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Mr. Trump Goes to Kensington

Photograph Source: Gage Skidmore – CC BY-SA 2.0

The election of Donald Trump should have forced broad reconsideration of the American project. Whatever the factors one chooses to explain his political ascension, he comes from outside the realm or ordinary expectations. However, in Mr. Trump’s case, it is the expectations that are skewed. In a world run by and for the rich, less probable explanations of how wealth and power are achieved predominate.

Regularly repeated phrases like ‘not normal’ and ‘normalization’ are used to draw a distance that doesn’t exist. Mr. Trump is so normal as to be absolutely tedious. He’s half of the asshole bosses many of us have ever had. It is his very normality that so offends bourgeois sensibilities. In a world populated by genetic scientists and derivatives traders, how, precisely, could this tacky loser become boss of it all?

Left unstated is that as inconvenient as it is for all involved, Donald Trump is iconic in the sense of completely and accurately representing his class in this time and place. Ugly— yes; relentlessly self-interested— yes; wholly transactional in his dealings with other human beings— yes; barbaric in exploiting social vulnerabilities for personal gain— YES!

It is this iconic status that Mr. Trump’s liberal critics either don’t understand or find it convenient to forget. Through inheritance, making ill-informed decisions is his birthright. Born into a position where wealth and power are transferred upward, the young Trump long ago positioned himself to represent the virtues of modern American state-corporatism.

Early in his career he used the tools available to him—ascendant finance and state support for private power, to muscle his way past labor unions and recalcitrant zoning boards to build monuments to the worldview from whence he emerged. He embodies the ethos of an era that should have ended around 2009. But it didn’t. It was brought back to life. By a Democrat.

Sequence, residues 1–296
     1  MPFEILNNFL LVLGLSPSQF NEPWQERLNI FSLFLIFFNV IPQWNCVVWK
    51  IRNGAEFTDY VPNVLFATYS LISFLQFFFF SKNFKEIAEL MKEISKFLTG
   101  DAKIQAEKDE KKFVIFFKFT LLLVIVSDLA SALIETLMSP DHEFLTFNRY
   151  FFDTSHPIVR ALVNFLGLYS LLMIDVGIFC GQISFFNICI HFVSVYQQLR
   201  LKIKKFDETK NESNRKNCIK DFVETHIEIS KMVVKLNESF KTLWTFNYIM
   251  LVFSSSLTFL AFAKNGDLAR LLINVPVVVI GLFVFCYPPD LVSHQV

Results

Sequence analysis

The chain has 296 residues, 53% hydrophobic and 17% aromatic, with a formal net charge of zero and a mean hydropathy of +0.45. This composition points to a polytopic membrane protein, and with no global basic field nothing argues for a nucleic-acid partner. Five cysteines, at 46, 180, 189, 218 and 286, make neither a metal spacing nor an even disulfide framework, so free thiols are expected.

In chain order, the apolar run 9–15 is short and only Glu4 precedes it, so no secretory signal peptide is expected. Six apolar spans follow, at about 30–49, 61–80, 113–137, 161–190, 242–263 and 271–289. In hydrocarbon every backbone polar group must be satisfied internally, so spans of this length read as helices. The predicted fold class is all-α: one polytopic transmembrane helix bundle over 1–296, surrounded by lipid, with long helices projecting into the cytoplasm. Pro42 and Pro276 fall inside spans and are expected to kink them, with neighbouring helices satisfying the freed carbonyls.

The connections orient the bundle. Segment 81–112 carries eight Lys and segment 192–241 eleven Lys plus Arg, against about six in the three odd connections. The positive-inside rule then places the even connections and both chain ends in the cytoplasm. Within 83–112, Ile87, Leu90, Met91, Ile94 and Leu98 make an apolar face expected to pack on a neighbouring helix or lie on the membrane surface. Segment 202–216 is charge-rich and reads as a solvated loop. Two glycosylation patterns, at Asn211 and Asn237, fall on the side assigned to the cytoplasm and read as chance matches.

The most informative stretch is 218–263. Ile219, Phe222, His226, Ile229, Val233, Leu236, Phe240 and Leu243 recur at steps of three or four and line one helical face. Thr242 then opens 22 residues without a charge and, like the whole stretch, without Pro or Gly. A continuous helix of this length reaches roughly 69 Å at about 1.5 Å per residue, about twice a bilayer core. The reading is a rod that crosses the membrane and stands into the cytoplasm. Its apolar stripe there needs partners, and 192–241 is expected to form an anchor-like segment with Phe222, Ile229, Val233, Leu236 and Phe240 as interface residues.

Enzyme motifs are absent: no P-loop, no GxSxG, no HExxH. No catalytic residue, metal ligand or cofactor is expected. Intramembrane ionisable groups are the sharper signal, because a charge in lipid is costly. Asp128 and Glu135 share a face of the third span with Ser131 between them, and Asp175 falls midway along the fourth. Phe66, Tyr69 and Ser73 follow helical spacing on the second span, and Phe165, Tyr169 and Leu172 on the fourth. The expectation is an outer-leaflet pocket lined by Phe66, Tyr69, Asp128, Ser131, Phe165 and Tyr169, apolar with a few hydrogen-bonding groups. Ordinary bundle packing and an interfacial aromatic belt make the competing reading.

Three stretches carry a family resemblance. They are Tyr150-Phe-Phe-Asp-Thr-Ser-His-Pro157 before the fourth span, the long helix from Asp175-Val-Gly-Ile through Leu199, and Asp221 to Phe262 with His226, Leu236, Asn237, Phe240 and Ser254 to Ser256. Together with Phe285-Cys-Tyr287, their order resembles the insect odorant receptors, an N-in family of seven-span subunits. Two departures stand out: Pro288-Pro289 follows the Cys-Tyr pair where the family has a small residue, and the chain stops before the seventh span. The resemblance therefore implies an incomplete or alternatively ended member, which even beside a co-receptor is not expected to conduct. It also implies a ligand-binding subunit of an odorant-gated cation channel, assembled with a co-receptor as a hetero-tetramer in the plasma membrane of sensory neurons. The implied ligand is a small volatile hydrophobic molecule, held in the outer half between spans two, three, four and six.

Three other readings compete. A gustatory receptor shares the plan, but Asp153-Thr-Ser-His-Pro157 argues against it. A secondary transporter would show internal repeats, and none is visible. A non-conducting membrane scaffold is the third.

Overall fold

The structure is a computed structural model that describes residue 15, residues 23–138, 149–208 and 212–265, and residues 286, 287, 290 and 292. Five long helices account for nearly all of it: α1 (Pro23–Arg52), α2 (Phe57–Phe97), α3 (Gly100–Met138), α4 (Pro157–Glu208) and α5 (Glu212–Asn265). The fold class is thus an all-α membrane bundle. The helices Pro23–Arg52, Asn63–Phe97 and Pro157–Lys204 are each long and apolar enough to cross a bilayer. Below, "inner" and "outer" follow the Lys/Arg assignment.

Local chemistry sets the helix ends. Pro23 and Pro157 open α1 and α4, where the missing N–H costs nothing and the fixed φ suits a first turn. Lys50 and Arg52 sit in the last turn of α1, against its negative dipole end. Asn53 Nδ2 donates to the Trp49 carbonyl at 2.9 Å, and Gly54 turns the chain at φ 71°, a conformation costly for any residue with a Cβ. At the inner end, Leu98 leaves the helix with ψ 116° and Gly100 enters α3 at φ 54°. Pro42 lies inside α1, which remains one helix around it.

Graph: Mythology has it that a fall in corporate profits motivated the neo-capitalist revolution begun in the 1970s. However, the 1978 tax revolt preceded the election of Ronald Reagan and ‘supply side’ tax cuts defined the early neoliberal era. Additionally, corporations have paid out increasing shares of after-tax income, a/k/a profits, since the 1980s. More to the point, Nixon ended the gold standard in 1971, reducing the need to fund business from profits.

In that era, being dictatorial was evidence of leadership ability. Failing upward was a perquisite of inherited position. Dodging taxes, filing strategic bankruptcies and enriching oneself at the expense of others were standard practice. The charge that Mr. Trump is corrupt represents a change in social etiquette. Phrased differently, he accurately reflects the ethos of his time and place.

The gaudy Trump so offends bourgeois sensibilities that a fantasy of alien provenance was created to prevent cognitive dissonance. An evil emperor from a far way land installed the all-too-American Trump to make people have unpleasant thoughts about others who we Americans have always been kind to. The bourgeois, in particular, only want to bomb little Sancho’s village and overthrow his government to install a narco-state dictatorship when Democrats are in office.

With cognitive dissonance ascendant, what the urban bourgeois apparently don’t remember and / or understand is that Mr. Trump is exactly who and what Barack Obama bailed out in 2009. The value of Mr. Trump’s urban real estate and ‘branding’ have always been determined by how much funny-money Wall Street pumps into ‘the economy.’

Had it not been for Saint Barack, the guardian angel of Wall Street, Donald Trump would today be bossing pigeons around some urban park boring everyone within earshot with tales of how he used to be somebody. Alternatively, make a list of the classy, intelligent, caring and socially aware oligarchs that Mr. Obama saved and share it with the world.

The political problem with launching personal attacks is 1) they are by definition anti-political and 2) they function without context. The New York Times published a lengthy expose of the Trump family’s business dealings and the process by which Mr. Trump inherited his fortune. And it put the findings forward as if they were unique to Mr. Trump.